All events in the democratic world that have a significant impact on the lives of the citizenry comes under scrutiny of the government in the form of an inquiry. An inquiry answers the questions that may be lingering on the minds of citizens and allows citizens to speak their mind and bring healing because someone listened. Further the impact of 1990 insurrection continues to this day. Guns entered the nation, and mercenaries we allowed the freedom to live and to engage in kidnappings of the worst kind. This with the blessings of the PNM regime. The result is a spiralling murder rate that would make Sadam blush.

    My hope is that the end of this inquiry that the insurrectionist would recieve their just reward….

    1. Are you blaming the Jamaat for the gun problem and kidnapping??? Interesting….also, what blessing did the UNC regime give us?

      1. All those questions need to be answered my friend. What agreement did the PNM have with the Jamaat? And why is it Mr. Bakr feels that that agreement should be honored today. Why was Abu feted by the President of Venezuela Hugo Chavez. What is his relationship with uncle Hugo. Where are the guns coming from into T&T. Hopefully, this inquiry will being to answer these painful questions.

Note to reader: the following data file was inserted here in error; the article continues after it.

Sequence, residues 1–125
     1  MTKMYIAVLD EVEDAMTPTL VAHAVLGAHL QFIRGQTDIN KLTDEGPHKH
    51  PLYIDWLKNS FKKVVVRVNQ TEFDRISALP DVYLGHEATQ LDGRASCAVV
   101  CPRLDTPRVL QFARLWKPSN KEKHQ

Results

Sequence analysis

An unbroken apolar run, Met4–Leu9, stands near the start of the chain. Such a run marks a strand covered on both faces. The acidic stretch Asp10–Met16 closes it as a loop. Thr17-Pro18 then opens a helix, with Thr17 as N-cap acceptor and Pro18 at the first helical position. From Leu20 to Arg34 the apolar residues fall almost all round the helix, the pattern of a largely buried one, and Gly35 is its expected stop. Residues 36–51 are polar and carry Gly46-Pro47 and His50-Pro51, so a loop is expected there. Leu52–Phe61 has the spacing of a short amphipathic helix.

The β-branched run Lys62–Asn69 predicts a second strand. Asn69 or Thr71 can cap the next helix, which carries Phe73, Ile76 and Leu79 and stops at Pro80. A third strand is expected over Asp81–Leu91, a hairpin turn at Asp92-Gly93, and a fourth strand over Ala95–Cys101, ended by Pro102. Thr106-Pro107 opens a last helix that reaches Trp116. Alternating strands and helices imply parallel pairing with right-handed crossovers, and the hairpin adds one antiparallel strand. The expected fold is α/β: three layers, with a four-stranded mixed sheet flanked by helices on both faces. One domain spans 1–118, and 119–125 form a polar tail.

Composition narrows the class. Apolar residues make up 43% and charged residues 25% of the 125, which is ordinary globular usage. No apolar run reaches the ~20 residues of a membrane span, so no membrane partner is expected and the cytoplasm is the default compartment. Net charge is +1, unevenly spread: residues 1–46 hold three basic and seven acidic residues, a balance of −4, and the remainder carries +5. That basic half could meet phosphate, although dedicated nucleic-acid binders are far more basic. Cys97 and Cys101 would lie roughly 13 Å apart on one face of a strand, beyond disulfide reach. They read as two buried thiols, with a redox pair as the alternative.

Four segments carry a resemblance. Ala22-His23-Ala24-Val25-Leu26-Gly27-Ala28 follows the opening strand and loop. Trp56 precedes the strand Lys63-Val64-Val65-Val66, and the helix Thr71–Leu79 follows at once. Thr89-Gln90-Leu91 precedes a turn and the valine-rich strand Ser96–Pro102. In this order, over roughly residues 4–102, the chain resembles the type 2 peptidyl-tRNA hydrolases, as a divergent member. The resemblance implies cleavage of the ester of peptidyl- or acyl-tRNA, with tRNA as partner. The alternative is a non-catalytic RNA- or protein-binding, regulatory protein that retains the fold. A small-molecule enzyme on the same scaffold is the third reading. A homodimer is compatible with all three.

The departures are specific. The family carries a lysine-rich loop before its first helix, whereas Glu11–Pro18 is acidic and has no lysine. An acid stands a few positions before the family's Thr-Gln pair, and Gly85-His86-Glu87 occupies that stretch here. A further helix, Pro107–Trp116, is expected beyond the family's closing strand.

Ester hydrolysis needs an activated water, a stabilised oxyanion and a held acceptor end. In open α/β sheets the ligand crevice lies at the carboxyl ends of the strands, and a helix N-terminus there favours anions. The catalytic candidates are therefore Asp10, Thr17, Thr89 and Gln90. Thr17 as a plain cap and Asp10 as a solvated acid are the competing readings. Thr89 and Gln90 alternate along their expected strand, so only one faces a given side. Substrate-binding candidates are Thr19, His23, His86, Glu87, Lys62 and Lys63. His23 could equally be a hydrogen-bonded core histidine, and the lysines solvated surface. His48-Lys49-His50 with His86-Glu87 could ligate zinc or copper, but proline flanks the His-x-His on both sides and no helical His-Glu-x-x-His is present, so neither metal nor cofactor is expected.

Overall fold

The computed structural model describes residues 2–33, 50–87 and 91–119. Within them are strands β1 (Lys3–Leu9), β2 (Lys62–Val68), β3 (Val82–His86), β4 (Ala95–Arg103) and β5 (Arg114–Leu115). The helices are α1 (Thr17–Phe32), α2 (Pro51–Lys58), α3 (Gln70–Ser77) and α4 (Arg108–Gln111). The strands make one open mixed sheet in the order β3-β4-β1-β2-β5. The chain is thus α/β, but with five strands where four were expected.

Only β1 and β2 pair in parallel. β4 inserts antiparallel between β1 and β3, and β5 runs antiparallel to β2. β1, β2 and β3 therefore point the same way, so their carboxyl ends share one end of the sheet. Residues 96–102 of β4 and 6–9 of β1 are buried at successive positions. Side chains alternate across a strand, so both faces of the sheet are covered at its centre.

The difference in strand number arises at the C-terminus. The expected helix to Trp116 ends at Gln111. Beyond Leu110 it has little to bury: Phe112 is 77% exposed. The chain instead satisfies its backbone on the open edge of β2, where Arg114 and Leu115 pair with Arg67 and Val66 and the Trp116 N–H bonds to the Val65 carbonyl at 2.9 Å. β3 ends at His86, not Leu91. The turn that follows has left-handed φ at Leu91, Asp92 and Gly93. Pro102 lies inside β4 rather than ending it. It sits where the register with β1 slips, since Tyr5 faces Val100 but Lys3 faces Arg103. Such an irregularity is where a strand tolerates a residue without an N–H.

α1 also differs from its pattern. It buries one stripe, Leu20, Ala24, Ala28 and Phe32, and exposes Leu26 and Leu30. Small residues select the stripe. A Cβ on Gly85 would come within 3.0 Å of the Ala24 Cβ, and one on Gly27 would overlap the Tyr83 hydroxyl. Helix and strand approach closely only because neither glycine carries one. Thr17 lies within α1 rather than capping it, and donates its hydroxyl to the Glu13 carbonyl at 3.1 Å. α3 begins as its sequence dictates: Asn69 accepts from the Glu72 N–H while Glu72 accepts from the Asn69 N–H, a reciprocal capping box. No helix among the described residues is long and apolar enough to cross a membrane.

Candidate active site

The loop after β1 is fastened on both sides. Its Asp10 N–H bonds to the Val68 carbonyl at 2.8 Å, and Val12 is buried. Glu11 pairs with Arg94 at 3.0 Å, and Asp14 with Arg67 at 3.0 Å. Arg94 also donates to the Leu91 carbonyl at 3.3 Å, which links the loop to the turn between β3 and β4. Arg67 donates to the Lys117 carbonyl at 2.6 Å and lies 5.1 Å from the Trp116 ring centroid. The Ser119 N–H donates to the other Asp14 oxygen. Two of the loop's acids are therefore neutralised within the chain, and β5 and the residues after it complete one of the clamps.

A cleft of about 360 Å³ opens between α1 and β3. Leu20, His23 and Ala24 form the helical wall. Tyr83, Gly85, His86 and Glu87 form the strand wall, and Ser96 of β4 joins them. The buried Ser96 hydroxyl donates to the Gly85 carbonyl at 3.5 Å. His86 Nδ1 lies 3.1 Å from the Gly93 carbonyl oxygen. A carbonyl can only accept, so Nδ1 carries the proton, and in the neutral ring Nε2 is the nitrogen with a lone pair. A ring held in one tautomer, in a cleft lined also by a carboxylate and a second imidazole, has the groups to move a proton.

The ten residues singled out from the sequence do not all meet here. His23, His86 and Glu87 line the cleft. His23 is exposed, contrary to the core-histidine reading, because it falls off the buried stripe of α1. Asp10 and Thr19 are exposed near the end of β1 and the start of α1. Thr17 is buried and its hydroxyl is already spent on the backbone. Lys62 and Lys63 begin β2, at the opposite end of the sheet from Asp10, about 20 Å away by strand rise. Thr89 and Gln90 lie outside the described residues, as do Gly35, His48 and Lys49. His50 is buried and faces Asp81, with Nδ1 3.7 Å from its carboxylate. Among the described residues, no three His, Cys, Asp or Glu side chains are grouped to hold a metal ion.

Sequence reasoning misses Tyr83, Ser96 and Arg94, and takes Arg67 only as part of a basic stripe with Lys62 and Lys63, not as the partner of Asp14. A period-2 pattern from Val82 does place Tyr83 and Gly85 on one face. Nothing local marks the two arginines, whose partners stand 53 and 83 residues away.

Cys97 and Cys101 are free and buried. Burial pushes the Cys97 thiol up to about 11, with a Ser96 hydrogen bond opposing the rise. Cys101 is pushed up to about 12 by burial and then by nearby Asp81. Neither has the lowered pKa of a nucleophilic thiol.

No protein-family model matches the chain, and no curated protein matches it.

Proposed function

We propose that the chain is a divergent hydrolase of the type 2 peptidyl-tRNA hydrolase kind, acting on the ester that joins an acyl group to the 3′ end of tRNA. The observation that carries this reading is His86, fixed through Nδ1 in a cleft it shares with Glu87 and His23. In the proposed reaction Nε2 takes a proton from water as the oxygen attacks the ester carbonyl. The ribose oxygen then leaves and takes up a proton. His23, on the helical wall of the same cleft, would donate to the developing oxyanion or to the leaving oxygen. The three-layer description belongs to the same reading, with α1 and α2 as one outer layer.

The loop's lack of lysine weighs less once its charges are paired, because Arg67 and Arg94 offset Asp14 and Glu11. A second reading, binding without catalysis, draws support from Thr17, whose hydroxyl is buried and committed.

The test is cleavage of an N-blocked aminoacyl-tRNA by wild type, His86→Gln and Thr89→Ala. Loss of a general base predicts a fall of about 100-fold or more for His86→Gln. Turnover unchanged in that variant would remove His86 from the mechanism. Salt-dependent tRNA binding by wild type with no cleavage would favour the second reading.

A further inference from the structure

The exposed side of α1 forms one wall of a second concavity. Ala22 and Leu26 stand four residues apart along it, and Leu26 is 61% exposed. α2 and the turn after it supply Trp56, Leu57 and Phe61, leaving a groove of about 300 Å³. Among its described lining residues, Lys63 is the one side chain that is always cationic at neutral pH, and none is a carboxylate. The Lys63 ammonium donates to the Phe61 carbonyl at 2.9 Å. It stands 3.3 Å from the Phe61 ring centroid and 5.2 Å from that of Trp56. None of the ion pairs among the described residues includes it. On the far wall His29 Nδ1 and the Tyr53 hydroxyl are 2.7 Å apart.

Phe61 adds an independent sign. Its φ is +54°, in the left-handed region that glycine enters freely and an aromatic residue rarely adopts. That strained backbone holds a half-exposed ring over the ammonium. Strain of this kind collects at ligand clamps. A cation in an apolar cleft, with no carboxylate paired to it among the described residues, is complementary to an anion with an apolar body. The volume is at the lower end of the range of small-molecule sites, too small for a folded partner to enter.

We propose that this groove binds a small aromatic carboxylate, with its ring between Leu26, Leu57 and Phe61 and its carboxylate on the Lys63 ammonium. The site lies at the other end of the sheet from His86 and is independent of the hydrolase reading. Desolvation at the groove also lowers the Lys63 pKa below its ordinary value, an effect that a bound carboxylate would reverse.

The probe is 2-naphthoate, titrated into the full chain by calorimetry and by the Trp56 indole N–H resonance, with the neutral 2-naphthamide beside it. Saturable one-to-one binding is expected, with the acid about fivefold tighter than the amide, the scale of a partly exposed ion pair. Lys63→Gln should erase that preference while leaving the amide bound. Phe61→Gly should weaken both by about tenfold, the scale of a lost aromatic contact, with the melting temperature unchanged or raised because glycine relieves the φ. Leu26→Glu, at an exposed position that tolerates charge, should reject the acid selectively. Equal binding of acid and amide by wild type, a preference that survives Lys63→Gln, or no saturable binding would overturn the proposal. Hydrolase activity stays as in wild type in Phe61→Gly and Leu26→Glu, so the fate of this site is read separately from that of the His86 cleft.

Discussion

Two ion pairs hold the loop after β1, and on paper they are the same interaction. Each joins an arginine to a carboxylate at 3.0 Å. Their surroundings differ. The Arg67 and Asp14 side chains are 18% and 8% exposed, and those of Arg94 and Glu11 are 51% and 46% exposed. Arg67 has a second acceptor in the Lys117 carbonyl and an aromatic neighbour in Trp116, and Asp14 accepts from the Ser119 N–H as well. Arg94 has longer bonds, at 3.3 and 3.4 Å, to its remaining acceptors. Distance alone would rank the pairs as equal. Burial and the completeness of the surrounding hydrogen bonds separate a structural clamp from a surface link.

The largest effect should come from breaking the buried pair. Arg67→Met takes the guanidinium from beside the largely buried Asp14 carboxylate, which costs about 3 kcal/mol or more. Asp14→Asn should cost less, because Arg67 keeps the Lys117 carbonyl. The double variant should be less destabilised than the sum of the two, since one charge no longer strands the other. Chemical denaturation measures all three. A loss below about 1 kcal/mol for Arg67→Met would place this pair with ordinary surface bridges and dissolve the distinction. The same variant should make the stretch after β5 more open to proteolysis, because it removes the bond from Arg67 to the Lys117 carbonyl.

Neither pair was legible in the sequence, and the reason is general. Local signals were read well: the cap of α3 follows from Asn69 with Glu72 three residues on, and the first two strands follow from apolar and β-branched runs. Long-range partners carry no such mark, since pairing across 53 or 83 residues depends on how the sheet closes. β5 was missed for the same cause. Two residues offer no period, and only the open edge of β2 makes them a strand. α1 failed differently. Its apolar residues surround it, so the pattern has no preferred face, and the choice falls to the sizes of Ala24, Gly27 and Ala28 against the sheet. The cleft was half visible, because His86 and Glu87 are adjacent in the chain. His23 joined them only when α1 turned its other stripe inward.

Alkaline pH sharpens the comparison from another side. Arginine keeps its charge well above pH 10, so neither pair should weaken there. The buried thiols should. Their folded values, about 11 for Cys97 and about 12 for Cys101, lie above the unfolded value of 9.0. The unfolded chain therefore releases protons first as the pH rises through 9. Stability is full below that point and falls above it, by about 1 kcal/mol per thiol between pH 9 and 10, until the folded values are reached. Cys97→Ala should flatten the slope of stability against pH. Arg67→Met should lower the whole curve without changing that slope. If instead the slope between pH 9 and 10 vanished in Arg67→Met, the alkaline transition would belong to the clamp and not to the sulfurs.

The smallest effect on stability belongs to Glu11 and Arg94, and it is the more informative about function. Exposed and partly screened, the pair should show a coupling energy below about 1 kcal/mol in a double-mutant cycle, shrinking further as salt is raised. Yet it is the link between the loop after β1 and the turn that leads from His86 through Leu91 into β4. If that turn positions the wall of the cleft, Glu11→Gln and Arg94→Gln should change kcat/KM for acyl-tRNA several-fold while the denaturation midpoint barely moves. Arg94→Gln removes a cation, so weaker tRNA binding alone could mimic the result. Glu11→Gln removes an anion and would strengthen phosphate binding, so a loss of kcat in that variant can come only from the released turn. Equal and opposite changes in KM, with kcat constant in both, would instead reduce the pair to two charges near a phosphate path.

2. Unfortunately,what khem the criminal apologist fail to recognize-or rather remember-is that Abu Bkar did not attack Manning and Panday,but Ah we bouy ANR Robinson.We will leave this dishonest soul,to speculate as to why this was the case.
    If these closet pro terrorist,had any moral bones in their bodies,we could have ask them what they think would have been the results on any Privy Council decisions, if the Islamic kingpin had shot Panday in his knees,run his SLR up the rear end of Manning,or a Sandhurst coup school teacherr had tried any such stupid stunts, in Westminister,like Shah and pals did during the infamous 70’s ,or this mounted branch ,ex police/ goal keeper/canadian indoctrinated ,so call engineer student name Bakr.
    One cannot help but again enquire,with citizens like these,who needs enemies?
    Oh yes,and they want to think that they can miraculously end crime today in our country,because of what again? I forgot,they showed up with a Canadian Commissioner,smile for the media,and continue business as usual,while crying like Lot’s wife,for a distant era,when Massa was running our country.
    What a joke! Wake me up in 2014.

  3. What a joke! Wake me up in 2014.–Neal Make that 2020 my friend. Keep on sleeping though….








  5. it seems to me that this abu thing is a jamaat thing and not a trinidad thing. why abu get money from Lybia?

  6. “I should add that with the passage of time, people’s memories fade. I know. As I write my account of the mutiny I have encountered some glaring untruths (some published as facts) and gross inconsistencies.”